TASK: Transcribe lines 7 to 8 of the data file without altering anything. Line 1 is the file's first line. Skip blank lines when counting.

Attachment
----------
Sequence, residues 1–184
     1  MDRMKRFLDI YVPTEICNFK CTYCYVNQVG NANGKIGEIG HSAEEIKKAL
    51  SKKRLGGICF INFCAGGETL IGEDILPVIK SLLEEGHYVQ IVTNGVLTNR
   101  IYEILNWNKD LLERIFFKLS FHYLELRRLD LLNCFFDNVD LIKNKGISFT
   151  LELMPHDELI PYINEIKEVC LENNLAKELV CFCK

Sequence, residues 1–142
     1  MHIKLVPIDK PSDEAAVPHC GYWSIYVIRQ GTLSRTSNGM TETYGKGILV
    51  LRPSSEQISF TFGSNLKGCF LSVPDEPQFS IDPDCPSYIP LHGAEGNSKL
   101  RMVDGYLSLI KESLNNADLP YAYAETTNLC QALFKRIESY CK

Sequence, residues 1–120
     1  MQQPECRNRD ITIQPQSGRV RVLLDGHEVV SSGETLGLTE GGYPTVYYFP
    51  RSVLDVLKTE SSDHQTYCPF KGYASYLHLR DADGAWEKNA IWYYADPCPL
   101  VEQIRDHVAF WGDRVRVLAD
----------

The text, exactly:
     1  MHIKLVPIDK PSDEAAVPHC GYWSIYVIRQ GTLSRTSNGM TETYGKGILV
    51  LRPSSEQISF TFGSNLKGCF LSVPDEPQFS IDPDCPSYIP LHGAEGNSKL